Spring in New England often gets a bad rap. Folks would say we go from winter to summer with maybe a day or two between the seasons of extreme heat and cold. That has not been the case this year. As of yesterday, Worcester had enjoyed 21 days of 60-degree weather or higher — the most to date since 2012.
I like using Worcester for the statistics here because Boston’s Logan Airport is not a good representation of high temperatures in the spring. Sea breezes can often keep the airport under 60 degrees when it’s actually much warmer where most people live.
The absence of any prolonged early heat has also been a spring winner. The cool nights and comfortably warm days have provided an opportunity for our spring blooms to last exceptionally long. If you still have daffodils blooming, you can thank the lack of heat for that.
All of this is a prelude to our cloudy and damp weather today. A frontal system hanging out through New England is dividing mild air and cold air. Since we are stuck in the battle zone, you can expect clouds to dominate the sky all day and look for an increasing chance of showers as we get to the late morning. The heaviest rain would fall after noon and through the first part of the evening.
As low pressure rides along this boundary, something storms love to do, showers will turn into more of a steady rain for a while, and we could even hear the rumble of thunder. Folks on the northern side of the low-pressure area will see the most rain, with much less south. The map below gives you an indication of how the storm will track with that swath of heavy rain from New York through southern Vermont, New Hampshire, and northeastern Massachusetts.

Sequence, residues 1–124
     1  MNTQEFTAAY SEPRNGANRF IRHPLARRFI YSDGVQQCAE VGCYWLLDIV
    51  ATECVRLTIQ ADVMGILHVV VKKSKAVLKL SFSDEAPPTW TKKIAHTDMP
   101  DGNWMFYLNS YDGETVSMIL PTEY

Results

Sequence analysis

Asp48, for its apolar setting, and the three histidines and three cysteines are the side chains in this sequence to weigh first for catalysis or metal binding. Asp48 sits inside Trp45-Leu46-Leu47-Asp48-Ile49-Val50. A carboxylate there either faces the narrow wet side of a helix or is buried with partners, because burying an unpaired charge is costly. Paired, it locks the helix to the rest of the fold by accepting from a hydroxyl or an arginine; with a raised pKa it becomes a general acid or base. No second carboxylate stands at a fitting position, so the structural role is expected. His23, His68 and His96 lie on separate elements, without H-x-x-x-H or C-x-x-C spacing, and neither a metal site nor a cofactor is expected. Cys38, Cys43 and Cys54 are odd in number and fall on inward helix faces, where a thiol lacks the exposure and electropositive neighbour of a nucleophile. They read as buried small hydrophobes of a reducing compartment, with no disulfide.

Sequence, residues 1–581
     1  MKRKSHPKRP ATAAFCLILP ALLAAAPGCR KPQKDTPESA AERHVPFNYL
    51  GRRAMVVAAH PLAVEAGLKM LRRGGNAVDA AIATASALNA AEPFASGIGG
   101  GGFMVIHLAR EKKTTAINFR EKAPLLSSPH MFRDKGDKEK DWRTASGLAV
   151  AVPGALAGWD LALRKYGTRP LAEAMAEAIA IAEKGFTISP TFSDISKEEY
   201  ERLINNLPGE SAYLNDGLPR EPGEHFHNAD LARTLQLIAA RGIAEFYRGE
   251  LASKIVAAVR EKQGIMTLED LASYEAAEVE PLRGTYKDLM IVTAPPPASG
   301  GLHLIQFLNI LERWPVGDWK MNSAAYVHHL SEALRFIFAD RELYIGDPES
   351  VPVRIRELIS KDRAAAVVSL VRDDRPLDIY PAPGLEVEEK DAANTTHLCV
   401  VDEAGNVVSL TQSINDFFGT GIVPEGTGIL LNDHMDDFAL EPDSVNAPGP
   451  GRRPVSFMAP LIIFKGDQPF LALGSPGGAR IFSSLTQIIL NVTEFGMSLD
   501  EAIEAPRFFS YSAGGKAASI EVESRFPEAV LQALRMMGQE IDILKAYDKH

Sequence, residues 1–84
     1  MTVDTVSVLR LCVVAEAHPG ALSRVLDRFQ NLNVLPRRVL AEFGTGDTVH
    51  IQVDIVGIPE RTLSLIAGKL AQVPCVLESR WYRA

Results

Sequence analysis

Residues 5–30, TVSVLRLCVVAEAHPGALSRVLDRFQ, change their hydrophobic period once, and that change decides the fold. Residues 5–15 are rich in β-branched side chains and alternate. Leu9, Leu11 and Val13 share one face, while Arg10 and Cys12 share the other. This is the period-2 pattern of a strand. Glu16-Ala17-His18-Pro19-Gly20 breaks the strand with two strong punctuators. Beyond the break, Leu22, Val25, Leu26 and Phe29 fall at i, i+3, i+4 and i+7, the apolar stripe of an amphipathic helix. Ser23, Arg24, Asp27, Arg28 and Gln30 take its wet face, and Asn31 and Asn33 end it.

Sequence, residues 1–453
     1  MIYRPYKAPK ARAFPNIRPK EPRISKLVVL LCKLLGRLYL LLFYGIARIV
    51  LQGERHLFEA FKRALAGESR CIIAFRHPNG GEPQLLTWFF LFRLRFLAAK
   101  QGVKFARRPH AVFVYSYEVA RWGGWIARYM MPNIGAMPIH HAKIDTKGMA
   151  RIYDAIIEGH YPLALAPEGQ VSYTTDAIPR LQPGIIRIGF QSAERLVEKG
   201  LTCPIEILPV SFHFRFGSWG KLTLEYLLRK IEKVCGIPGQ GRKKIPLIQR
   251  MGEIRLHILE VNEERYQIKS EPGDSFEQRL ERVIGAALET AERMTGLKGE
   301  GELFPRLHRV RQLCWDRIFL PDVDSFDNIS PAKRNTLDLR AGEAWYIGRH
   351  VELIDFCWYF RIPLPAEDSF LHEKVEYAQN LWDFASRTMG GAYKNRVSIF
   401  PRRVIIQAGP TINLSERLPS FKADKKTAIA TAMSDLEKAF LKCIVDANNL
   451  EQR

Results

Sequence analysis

Notice the rain will be heavy enough that most areas north and south of the Mass Pike should see around an inch, and some places may see a lot more. South of the frontal boundary, the rainfall will be more limited with generally a quarter to half-an-inch.
Most of the rain will have fallen by Friday morning. As a cold front sweeps through, there might be another shower later Friday before clearing takes place. Between tonight’s rain and those showers Friday evening, look for a blend of clouds and sunshine and mild temperatures in the low- to mid-60s.
It’ll be quite cold Friday night with many spots back down in the 30s, a reminder that it’s too early to put out your warm weather vegetables. I recommend waiting until next weekend or sometime the week after. Even if we don’t see a frost, tomatoes, peppers, and basil can get diseased very quickly in 30-degree and 40-degree weather.
The first weekend of May is looking brilliant in terms of sunshine on Saturday with temperatures finally approaching 60 later in the afternoon. A blend of clouds and sunshine will arrive Sunday, and it’ll be a little warmer with highs well into the 60s, and perhaps a few isolated 70 degree showers.